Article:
On top of preventing disease, increasing physical fitness, improving mental health, boosting the immune system and bettering sleep, new research is adding to the already extensive list of health benefits your local park provides. A study, published in the International Journal of Hygiene and Environmental Health, has found that living near urban green areas is linked to a lowered risk of breast cancer.
Researchers analysed the surrounding environment of 1129 women with breast cancer and 1619 without breast cancer, as well as factors like lifestyle, age, socioeconomic status and education of participants. They found that while living close to green spaces like parks and gardens was linked to a reduced risk of breast cancer, living near agricultural areas was associated with an increased risk of breast cancer. This suggests that how the green space is used is significant.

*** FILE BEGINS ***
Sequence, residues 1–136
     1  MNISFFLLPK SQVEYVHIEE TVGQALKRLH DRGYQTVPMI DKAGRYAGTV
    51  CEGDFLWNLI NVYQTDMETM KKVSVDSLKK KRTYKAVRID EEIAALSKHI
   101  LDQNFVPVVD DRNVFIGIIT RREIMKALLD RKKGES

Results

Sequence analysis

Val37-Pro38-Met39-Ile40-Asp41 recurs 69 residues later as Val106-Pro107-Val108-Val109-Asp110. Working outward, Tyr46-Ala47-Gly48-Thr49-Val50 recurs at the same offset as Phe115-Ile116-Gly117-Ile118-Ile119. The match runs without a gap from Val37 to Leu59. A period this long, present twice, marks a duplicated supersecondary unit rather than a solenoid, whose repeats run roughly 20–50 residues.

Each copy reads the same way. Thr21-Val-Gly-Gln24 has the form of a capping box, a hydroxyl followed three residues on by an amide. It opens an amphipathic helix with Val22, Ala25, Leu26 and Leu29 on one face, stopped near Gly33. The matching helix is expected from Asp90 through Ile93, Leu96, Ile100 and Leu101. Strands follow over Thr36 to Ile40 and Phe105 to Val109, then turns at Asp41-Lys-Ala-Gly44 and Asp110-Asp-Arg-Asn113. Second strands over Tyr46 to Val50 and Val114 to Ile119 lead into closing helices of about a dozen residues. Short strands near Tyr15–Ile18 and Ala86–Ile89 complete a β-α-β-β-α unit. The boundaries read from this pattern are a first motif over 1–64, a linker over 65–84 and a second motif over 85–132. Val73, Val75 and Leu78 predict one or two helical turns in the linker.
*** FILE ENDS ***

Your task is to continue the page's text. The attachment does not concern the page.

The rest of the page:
“Other studies have shown that the mechanisms that might explain the health benefits of green spaces include higher levels of physical activity in the population and a reduction in air pollution, an environmental hazard clearly linked to the onset of cancer. However, we did not observe these associations,” study coordinator Mark Nieuwenhuijsen said. “We believe that other mechanisms – including lower levels of stress among people living close to green spaces – could play a role.”
This article originally appeared on Women's Health.
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